Joke Schauvliege, minister in the Flemish government for agriculture, nature and the environment, has resigned following a claim that the current wave of protests for better climate policy were aspects of a larger conspiracy. Schauvliege claimed, in a speech to an association of farmers that she had been informed of the existence of the plot by someone from the state security intelligence service. State security rushed to issue a denial.
Reaction to her claims was not rushed: the speech was given last Friday; the uproar only really took off on Tuesday. But when it did, her party, CD&V, had no option but to demand her resignation, which she announced in a tearful press conference yesterday, flanked by party president Wouter Beke and federal minister and former minister-president Kris Peeters, who had first brought her into his government a decade ago.
The trigger for Schauvliege’s conspiracy theory was a campaign by one group of climate protesters which saw her work telephone flooded with text messages calling on her to meet the protesters’ demands. At one point, she said, she had more than 6,000 unread texts, and her family were unable to contact her. This led her to think there was more to the issue than a series of spontaneous popular protests, but some over-arching organisation.
The mention of the state security’s confirmation of that suspicion may have made the theory appear more credible, but realistically there was no possibility that state security would do anything but deny her claim.
“I had to laugh out loud when I heard,” said Anuna De Wever, the 17-year-old behind the student marches on the VRT. “But at the same time it’s a shame, because it’s manifestly untrue.”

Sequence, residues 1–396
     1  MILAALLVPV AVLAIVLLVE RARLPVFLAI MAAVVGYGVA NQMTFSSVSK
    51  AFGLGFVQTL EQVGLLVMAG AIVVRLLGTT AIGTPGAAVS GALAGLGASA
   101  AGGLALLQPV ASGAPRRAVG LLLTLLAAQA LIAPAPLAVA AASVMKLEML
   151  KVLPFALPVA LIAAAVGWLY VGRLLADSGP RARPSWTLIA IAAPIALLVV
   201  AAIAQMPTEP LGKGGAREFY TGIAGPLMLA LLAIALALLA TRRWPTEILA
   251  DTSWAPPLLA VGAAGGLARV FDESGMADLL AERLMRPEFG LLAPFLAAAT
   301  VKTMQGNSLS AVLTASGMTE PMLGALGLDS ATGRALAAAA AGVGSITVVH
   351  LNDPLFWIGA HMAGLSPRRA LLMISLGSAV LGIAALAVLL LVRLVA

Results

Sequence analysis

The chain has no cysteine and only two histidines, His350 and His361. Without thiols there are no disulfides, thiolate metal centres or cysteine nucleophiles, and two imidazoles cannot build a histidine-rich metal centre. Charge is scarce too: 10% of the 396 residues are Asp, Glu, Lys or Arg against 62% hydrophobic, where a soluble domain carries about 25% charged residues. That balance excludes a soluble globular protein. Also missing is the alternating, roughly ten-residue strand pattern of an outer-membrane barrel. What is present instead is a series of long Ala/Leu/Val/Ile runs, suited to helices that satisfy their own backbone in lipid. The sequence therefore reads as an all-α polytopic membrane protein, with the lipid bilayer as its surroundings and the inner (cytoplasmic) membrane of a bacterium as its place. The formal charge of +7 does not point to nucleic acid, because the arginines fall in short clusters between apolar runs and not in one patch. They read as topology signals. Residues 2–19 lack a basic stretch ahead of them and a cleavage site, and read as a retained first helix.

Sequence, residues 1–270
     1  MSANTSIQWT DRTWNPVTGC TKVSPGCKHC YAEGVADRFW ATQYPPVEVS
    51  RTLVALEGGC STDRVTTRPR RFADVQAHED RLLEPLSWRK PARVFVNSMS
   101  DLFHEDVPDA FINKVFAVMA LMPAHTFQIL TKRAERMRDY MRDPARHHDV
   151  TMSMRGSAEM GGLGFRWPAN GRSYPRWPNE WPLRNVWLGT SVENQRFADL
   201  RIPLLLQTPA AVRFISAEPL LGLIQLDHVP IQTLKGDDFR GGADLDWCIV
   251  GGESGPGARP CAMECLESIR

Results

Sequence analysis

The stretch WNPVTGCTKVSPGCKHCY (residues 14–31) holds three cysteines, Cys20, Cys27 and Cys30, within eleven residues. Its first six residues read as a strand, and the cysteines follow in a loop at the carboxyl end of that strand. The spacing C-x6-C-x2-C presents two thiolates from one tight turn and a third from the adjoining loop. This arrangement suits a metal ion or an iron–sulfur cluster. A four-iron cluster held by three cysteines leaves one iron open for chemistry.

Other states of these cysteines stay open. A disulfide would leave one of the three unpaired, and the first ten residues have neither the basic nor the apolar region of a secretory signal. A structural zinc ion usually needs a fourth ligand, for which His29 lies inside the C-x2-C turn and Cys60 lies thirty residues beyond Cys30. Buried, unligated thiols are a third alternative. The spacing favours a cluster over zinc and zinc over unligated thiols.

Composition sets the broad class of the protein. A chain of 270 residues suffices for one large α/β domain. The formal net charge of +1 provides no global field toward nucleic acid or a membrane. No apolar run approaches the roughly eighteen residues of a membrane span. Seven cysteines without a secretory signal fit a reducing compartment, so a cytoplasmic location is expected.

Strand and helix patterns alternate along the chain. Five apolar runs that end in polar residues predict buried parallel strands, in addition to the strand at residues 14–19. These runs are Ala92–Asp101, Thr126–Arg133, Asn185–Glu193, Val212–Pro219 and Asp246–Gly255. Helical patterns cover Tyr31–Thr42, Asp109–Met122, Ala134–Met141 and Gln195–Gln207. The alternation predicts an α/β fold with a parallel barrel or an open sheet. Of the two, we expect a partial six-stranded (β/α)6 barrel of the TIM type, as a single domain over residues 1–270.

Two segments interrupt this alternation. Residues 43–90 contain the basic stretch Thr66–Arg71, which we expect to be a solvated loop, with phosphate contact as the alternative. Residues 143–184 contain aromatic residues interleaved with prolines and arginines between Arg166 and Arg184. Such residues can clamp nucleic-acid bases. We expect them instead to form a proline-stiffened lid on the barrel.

On social media, a consensus emerged that Schauvliege would not be missed as far as climate policy is concerned. She was only one of four climate ministers Belgium can boast: one for each of the regions and one for the federal government. Nevertheless, the farmers to whom she was speaking are the only one of her policy groups she has not alienated, unlike environmentalists and nature conservancy organisations.
Geert Bourgeois, Flemish minister-president, described Schauvliege’s remarks as “unfortunate. The participants in the demonstrations are marching out of idealism and concern. As I have said before in the name of the government, their concerns are our concerns.”
“Joke Schauvliege has apologised, and that doesn’t happen often in politics,” said party president Wouter Beke, before the party meeting which pushed his minister in the direction of the exit. However Schauvliege will still lead her East Flanders party list for the regional elections in May.
In the meantime, a replacement is expected to be named at any moment, for a job that will last little more than three months, before the next Flemish minister-president redistributes the portfolios post-election.
Meanwhile the organisers of the weekly student demonstration have announced tomorrow’s march will take place in Leuven, with future demonstrations being held in other towns and cities in the country. The movement started among secondary school students from Flanders, before spreading to French-speaking schools, tertiary education and even primary schools. The move to a more peripatetic demonstration aims to attract other students who may not have been able or willing to make it to Brussels in the past. The Leuven police chief has warned would-be visitors to avoid the city on Thursday.